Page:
Nearly 900 Secret Service employees tested positive for COVID-19 between March 1, 2020 and March 9, 2021, according to government records obtained by CREW. The vast majority served in protection jobs, either as Special Agents or in the Uniformed Division.

The records obtained by CREW show that in the first year of the pandemic, 881 active Secret Service employees were diagnosed with COVID. The list consists of 477 Special Agents, 249 members of the Uniformed Division, 131 working in Administrative, Professional, Technical Positions, 12 Investigative Protection Officers and 12 Technical Security Investigators. The records, obtained under the Freedom of Information Act, do not include the names or assignments of those who tested positive.

According to the Department of Homeland Security, Secret Service Special Agents “are the elite agents you see protecting the President and Vice President. They also protect the leaders of other countries when they visit the US, the President’s and Vice President’s family members, Presidential candidates who are running for election,” while agents in the Uniformed Division protect “the White House, the Vice President’s house, the Treasury Department, and foreign embassies in Washington, DC. Some Uniformed Division agents travel with the President, Vice President and foreign leaders to special events around the country.”

Throughout the pandemic, then-President and Vice President Trump and Pence held large-scale rallies against public health guidelines, and Trump and his family made repeated protected trips to Trump-branded properties which the then-president was making millions of dollars a year from. Trump even put on a photo-op in a car with Secret Service agents while being treated for COVID, further putting agents in danger. While there have been reports of Trump’s Secret Service struggling with coronavirus cases, the number is far greater than had previously been known.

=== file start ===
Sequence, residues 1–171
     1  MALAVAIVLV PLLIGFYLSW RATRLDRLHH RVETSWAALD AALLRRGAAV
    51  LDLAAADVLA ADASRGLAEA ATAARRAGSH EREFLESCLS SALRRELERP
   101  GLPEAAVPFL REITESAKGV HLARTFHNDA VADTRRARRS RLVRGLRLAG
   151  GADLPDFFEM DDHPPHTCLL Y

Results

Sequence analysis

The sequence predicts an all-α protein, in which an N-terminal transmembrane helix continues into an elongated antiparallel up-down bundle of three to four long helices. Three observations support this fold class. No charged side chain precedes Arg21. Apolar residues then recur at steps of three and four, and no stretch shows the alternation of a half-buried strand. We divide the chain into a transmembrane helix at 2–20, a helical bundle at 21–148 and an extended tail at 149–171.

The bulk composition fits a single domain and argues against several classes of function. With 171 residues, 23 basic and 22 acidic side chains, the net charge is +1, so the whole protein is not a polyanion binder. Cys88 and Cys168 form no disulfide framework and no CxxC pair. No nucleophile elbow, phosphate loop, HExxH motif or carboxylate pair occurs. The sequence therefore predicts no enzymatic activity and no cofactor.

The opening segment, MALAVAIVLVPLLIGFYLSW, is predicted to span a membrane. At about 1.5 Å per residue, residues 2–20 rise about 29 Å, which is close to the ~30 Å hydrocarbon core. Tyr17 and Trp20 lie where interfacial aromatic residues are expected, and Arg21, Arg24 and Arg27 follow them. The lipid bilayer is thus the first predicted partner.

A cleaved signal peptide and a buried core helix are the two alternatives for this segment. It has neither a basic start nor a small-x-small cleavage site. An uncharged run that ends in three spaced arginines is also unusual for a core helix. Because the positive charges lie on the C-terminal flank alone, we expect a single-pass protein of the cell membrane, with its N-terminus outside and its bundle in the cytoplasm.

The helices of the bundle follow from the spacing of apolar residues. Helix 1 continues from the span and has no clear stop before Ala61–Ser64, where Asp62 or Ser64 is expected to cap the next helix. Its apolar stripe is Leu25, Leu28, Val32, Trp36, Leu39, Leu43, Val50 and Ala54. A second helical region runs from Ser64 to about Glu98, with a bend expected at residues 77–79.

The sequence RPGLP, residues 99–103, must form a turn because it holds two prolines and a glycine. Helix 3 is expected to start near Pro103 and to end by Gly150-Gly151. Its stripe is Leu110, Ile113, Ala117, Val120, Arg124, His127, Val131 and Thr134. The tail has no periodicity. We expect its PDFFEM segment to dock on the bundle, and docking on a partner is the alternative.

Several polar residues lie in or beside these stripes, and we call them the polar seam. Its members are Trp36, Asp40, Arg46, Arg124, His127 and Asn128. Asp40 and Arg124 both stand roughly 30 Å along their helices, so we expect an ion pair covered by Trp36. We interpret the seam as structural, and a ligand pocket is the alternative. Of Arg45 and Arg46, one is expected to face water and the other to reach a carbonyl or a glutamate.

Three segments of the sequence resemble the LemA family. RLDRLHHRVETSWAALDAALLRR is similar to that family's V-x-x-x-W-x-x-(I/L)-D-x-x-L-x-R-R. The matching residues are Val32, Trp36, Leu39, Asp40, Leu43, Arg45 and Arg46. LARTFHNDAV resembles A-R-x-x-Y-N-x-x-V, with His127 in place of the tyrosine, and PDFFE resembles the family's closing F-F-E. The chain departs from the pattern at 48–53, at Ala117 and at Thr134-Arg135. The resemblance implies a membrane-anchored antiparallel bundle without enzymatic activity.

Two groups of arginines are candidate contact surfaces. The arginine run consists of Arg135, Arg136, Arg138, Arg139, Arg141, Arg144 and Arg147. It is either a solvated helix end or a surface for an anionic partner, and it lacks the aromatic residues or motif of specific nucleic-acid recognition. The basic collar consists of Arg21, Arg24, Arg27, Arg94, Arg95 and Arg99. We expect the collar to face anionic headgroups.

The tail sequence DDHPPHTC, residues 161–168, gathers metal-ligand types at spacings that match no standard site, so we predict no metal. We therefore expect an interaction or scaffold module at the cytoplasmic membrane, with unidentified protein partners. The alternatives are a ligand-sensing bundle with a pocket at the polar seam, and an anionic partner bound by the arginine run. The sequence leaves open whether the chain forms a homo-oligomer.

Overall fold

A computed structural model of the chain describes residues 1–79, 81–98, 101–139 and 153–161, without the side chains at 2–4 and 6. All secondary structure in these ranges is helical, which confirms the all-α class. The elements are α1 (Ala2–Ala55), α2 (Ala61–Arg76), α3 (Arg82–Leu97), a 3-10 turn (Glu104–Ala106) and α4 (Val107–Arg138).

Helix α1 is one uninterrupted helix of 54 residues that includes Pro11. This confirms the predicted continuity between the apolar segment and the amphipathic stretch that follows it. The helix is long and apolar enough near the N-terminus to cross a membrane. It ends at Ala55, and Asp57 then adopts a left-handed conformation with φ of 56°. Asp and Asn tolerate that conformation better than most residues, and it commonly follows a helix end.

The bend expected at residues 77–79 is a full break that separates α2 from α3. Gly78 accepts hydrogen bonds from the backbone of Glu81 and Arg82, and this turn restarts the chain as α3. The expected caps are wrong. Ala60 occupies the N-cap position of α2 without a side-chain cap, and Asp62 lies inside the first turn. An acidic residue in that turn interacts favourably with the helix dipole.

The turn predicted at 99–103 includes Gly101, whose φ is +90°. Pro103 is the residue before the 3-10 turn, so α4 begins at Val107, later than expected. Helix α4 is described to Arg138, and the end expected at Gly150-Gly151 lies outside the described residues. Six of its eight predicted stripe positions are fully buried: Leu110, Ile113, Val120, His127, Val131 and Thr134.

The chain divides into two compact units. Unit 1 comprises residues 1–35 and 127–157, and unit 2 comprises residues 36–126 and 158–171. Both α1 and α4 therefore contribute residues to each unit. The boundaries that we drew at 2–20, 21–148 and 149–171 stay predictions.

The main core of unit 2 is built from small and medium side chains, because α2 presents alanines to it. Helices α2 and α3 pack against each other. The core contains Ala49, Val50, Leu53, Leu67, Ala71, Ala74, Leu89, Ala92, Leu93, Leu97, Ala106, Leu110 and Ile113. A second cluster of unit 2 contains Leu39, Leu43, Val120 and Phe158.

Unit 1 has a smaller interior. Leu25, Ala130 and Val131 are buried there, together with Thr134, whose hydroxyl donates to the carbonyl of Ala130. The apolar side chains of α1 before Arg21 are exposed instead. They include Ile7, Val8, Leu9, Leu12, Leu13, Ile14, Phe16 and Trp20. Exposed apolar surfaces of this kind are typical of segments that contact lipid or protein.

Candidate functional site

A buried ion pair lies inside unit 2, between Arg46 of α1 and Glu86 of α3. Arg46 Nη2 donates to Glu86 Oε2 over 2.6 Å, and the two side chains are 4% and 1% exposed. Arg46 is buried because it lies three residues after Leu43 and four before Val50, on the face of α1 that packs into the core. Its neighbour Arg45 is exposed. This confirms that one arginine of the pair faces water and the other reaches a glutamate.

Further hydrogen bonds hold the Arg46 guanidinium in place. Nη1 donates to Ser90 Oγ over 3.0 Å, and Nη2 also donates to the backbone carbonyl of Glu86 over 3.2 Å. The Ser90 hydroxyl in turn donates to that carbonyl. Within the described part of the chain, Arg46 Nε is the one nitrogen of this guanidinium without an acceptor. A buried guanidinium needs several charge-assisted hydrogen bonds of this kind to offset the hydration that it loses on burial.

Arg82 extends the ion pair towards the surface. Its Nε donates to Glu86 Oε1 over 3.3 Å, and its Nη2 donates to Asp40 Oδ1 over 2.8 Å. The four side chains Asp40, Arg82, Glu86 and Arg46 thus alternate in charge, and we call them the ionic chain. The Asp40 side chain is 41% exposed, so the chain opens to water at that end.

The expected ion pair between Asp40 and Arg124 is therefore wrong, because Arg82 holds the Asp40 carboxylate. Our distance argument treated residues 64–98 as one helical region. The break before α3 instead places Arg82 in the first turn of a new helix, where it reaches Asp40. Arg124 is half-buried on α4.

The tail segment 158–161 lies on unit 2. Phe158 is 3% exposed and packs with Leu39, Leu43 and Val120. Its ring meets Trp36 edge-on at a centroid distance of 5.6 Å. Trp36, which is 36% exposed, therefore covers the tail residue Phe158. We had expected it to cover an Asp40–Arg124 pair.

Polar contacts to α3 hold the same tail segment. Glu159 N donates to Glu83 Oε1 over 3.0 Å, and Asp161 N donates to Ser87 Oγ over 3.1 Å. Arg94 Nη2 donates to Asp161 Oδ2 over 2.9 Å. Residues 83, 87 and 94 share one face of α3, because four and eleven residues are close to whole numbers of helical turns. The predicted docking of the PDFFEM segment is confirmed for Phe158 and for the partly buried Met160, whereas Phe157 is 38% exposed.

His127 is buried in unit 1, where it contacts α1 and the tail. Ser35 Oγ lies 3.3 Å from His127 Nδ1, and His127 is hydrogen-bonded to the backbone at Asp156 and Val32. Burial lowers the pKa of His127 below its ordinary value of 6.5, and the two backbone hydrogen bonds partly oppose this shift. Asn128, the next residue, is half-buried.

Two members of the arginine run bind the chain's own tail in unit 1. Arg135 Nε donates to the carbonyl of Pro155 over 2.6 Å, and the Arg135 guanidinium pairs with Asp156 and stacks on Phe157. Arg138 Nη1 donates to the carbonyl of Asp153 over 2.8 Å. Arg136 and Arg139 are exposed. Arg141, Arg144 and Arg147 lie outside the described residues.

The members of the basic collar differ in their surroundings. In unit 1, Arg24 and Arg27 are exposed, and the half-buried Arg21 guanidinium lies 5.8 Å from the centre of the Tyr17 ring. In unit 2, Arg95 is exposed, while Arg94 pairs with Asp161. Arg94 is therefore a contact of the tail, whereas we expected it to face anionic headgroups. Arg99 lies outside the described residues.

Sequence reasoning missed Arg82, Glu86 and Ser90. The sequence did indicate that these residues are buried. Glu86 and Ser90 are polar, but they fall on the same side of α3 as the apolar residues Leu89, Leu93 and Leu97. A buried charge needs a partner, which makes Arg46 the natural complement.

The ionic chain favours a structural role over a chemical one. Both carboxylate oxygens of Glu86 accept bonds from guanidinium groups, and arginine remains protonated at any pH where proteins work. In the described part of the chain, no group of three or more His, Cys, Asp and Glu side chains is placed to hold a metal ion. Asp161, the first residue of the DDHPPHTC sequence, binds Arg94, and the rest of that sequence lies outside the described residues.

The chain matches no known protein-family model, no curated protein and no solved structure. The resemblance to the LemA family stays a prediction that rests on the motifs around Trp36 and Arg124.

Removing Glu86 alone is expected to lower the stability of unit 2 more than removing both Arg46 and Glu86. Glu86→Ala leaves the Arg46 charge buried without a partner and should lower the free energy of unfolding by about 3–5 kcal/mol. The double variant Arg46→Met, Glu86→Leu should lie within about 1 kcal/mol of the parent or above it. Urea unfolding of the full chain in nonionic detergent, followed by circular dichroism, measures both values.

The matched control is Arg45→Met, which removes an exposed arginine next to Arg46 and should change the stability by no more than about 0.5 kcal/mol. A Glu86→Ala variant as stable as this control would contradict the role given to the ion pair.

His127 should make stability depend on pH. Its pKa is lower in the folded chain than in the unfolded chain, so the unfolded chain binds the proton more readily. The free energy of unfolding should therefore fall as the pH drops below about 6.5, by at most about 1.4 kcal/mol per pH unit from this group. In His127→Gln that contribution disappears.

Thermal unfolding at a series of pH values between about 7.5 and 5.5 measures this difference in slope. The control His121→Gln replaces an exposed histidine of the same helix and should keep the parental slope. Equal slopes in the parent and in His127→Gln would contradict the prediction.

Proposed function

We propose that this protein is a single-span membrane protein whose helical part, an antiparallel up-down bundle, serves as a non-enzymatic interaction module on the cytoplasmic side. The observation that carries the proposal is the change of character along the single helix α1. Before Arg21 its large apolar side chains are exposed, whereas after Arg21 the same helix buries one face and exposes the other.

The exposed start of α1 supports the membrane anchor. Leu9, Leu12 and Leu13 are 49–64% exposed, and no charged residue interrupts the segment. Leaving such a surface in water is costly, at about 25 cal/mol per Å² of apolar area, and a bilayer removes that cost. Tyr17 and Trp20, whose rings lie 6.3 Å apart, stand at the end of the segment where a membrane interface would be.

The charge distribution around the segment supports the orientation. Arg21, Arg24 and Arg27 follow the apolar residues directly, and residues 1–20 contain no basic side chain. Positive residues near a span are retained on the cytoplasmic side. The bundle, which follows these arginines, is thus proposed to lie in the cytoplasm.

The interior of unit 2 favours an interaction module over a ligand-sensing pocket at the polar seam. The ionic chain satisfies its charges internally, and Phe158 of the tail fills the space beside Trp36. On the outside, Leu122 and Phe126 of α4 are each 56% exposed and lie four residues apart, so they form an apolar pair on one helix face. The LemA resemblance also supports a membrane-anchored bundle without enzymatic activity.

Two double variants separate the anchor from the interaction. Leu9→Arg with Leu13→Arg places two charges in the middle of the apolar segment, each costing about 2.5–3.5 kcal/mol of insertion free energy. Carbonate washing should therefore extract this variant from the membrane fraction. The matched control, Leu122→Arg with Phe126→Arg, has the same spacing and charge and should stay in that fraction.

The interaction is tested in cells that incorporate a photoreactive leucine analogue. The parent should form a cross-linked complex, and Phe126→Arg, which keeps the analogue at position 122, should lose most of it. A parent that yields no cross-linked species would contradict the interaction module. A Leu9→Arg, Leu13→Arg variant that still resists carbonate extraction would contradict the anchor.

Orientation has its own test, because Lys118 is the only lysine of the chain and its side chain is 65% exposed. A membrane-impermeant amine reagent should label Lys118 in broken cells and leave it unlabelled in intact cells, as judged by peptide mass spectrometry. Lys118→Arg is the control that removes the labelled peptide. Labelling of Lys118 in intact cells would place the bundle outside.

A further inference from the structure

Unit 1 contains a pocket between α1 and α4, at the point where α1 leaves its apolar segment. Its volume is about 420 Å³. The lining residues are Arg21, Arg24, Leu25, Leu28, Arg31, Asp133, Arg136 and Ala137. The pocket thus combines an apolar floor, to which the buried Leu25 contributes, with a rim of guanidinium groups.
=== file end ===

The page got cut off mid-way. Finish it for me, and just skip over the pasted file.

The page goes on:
Due to personal privacy reasons, we do not know whom the special agents who tested positive were assigned to protect or when, exactly, they tested positive. CREW previously got the cost for Secret Service protection when Jared Kushner and Ivanka Trump traveled to the Trump golf course in Bedminster, NJ in April 2020 despite government guidance against unnecessary travel to slow the spread of coronavirus. However, the number of Secret Service agents put at risk was withheld from the information. When the coronavirus was at its peak last December, Pence took a ski trip to Vail costing taxpayers more than $750,000 in Secret Service bills and putting at least 48 agents at risk of infection.

DHS Inspector General Joseph Cuffari, a Trump appointee, reportedly blocked a proposed inquiry that “would have examined Secret Service policies for handling the threat of COVID-19 to agents protecting high-level officials including the president.” The decision appears to have been part of a broader trend by the Inspector General of refusing to pursue investigations that could be damaging to Trump. Cuffari remains in office.

It’s impossible to overstate the risk the Trump administration put on Secret Service agents. Trump and his adult children’s constant visits to Trump properties stretched the agency thin, as the Trump family was taking twelve times more protected trips as the Obama family did. With the pandemic raging during the campaign, Trump appeared to be deliberately putting the lives of Secret Service agents at risk in order to portray himself as tougher than the coronavirus. Due to the Inspector General’s unwillingness to investigate the matter, we do not know how many Secret Service agents got the coronavirus due to the callous behavior of the Trump administration, but we do know that way more got it than the government had previously let be known.

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